IZMAIL, or Ismail, a town of Russia, in the government of Bessarabia, on the left bank of the Kilia branch of the Danube, 35 m.
Originally a Turkish fortified post, Izmail had by the end of the 18th century grown into a place of 30,000 inhabitants.
These were dismantled in accordance with the treaty of Paris (1856), by which Izmail was made over to Rumania.
In June Romanzov's victory at Kartal made him master of the principalities, and by November the fortresses of Izmail and Kilia, guarding the passage of the Danube, and those of Akkerman and Bender on the Dniester had fallen into the hands of the Russians.
Bessarabia, with the fortresses of Akkerman, Izmail and Kilia, was restored to Turkey.
Selim, the late sultan's nephew, who succeeded, made strenuous preparations for continuing the war, but his generals were incompetent and his army mutinous; expeditions for the relief of Bender and Akkerman failed, Belgrade was taken by the Austrians, Izmail was captured by Suvorov, and the fall of Anapa completed the series of Turkey's disasters.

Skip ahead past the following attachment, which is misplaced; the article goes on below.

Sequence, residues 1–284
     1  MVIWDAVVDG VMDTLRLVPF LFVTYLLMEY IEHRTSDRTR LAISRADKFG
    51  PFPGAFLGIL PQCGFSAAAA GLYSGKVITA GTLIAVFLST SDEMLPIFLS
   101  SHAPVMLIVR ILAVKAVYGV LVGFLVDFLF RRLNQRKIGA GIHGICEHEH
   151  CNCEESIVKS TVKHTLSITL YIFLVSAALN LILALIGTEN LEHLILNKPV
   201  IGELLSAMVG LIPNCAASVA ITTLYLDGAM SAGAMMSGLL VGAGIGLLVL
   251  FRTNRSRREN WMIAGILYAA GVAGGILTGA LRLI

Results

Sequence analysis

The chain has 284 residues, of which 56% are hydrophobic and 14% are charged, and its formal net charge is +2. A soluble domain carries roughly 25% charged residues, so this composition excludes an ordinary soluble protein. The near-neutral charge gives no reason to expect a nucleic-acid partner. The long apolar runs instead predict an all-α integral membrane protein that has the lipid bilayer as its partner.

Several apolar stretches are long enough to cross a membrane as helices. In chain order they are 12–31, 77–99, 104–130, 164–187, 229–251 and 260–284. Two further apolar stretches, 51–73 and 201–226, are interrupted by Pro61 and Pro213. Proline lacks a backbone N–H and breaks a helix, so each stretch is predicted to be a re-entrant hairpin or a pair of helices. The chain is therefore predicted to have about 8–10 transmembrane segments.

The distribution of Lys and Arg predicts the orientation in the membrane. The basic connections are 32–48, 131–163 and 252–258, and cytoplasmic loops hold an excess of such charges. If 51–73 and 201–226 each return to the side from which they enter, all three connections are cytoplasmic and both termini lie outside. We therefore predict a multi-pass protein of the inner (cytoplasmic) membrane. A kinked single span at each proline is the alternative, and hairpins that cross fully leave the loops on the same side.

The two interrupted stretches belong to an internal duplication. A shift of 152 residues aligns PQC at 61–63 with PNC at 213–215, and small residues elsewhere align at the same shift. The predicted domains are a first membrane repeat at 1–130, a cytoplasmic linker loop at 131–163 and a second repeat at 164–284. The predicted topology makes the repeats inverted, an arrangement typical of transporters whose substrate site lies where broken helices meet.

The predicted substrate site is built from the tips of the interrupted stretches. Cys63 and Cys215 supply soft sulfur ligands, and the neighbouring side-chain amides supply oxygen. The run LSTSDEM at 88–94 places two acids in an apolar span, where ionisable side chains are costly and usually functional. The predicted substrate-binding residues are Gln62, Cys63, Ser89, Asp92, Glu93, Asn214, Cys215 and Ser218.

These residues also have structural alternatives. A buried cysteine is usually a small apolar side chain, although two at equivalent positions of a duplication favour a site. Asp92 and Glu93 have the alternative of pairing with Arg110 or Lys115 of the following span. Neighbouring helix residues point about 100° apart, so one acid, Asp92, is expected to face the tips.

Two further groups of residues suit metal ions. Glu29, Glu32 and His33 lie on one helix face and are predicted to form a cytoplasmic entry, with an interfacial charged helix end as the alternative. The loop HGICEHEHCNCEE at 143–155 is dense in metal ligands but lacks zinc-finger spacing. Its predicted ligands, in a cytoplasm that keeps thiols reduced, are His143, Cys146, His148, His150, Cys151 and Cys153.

Accordingly, though France made every attempt to induce Turkey to adopt her side, the young Stratford Canning succeeded in causing the resumption of the peace negotiations at Bucharest, broken off through Russia's terms being considered too onerous, and followed by the capture of Izmail and Bender.
Wishing to make this important privilege permanent, Russia by secret articles of the Treaty of Bucharest had secured the cession of this district, in return for an undertaking to destroy the forts of Kilia and Izmail on the Danube.
At the head of an independent command in Moldavia and Walachia, he prevented a large Turkish army from crossing the Pruth (1770); distinguished himself at the actions of Larga and Kagula; and captured Izmail and Kilia.
He defeated the Turks at Salcha, captured the whole camp of the seraskier, Hassan Pasha, shut him up in Izmail, and was preparing to reduce the place when he was forbidden to do so by Potemkin (1789).
The government is divided into eight districts, the chief towns of which are Akker man (pop. 32,470 in 1900), Bender (33,741 in 1900), Byeltsi (18,526 in 1897), Izmail (33,607 in 1900), Khotin (18,126), Kishinev (125,787 in 1900), Orgeyev (13,356), and Soroki (25,523 in 1900).